In April 2018, Trump enacted a "zero tolerance" immigration policy that took adults irregularly entering the U.S. into custody for criminal prosecution and forcibly separated children from parents, eliminating the policy of previous administrations that made exceptions for families with children. By mid-June, more than 2,300 children had been placed in shelters, including "tender age" shelters for babies and toddlers, culminating in demands from Democrats, Republicans, Trump allies, and religious groups that the policy be rescinded. Trump falsely asserted that his administration was merely following the law. On June 20, Trump signed an executive order to end family separations at the U.S. border. On June 26 a federal judge in San Diego issued a preliminary injunction requiring the Trump administration to stop detaining immigrants parents separately from their minor children, and to reunite family groups that had been separated at the border.
“Low-energy Jeb.” “Little Marco.” “Lyin’ Ted.” “Crooked Hillary.” Give Donald Trump credit. He has a memorable way with insults. His have a way of etching themselves on the brain. And they’ve garnered media coverage, analysis, and commentary almost beyond imagining. Memorable as they might be, however, they won’t be what last of Trump’s 2016 election run. That’s surely reserved for a single slogan that will sum up his candidacy when it’s all over (no matter how it ends). He arrived with it on that Trump Tower escalator in the first moments of his campaign and it now headlines his website, where it’s also emblazoned on an array of products from hats to t-shirts.
Trump was inaugurated as the 45th president of the United States on January 20, 2017. During his first week in office, he signed six executive orders: interim procedures in anticipation of repealing the Patient Protection and Affordable Care Act (Obamacare), withdrawal from the Trans-Pacific Partnership negotiations, re-instatement of the Mexico City Policy, unlocking the Keystone XL and Dakota Access Pipeline construction projects, reinforcing border security, and beginning the planning and design process to construct a wall along the U.S. border with Mexico.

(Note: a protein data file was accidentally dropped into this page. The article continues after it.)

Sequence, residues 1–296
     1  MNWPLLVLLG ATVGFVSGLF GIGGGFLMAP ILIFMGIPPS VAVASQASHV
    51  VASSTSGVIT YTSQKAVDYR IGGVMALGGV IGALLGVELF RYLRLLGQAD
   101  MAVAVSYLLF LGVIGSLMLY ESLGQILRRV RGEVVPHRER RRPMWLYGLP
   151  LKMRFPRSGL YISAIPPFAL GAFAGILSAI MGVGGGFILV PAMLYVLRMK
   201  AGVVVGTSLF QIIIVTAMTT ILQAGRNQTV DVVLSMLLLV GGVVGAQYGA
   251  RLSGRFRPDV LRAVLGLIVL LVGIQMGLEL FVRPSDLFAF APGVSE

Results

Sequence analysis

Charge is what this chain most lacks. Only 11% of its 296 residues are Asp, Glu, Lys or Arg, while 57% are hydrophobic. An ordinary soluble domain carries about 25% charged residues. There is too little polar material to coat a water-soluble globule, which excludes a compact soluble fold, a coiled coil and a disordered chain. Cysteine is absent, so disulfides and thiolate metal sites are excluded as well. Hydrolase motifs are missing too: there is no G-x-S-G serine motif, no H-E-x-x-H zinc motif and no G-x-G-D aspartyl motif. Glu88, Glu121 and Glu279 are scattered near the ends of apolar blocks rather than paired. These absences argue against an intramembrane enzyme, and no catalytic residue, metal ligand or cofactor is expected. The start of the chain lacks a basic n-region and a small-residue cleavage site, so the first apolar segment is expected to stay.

Before being inaugurated as president, Trump moved his businesses into a revocable trust run by his eldest sons and a business associate. According to ethics experts, as long as Trump continues to profit from his businesses, the measures taken by Trump do not help to avoid conflicts of interest. Because Trump would have knowledge of how his administration's policies would affect his businesses, ethics experts recommend that Trump sell off his businesses. Multiple lawsuits have been filed alleging that Trump is violating the emoluments clause of the United States Constitution due to his business interests; they argue that these interests allow foreign governments to influence him. Previous presidents in the modern era have either divested their holdings or put them in blind trusts, and he is the first president to be sued over the emoluments clause.
On June 28, the president hosted a fundraiser at his company's hotel in Washington, D.C. benefitting the Trump Victory Committee, a joint fundraising committee that raises funds for both his reelection campaign and the RNC. The fundraiser was the first event that Trump hosted for the Trump Victory Committee since becoming president, as well as the first presidential campaign fundraiser. The event was co-organized by RNC chairwoman Ronna Romney McDaniel and RNC National Finance Chairman Steve Wynn. The fundraiser was attended by about 300 guests and was reportedly expected to gross $10 million. Trump was joined at the event by First Lady Melania Trump and top White House advisors. Among those reported to have been in attendance at the fundraiser were Mica Mosbacher, Dean Heller and Katrina Pierson. Additionally, Harold Hamm and a number of high-profile figures were spotted in the hotel's lobby during the event. Press were barred from the event, a break of precedent since reporters were permitted to the first fundraisers held by both of Trump's two predecessors. Additionally Trump's decision to host the event at a venue from which he personally profits garnered criticism.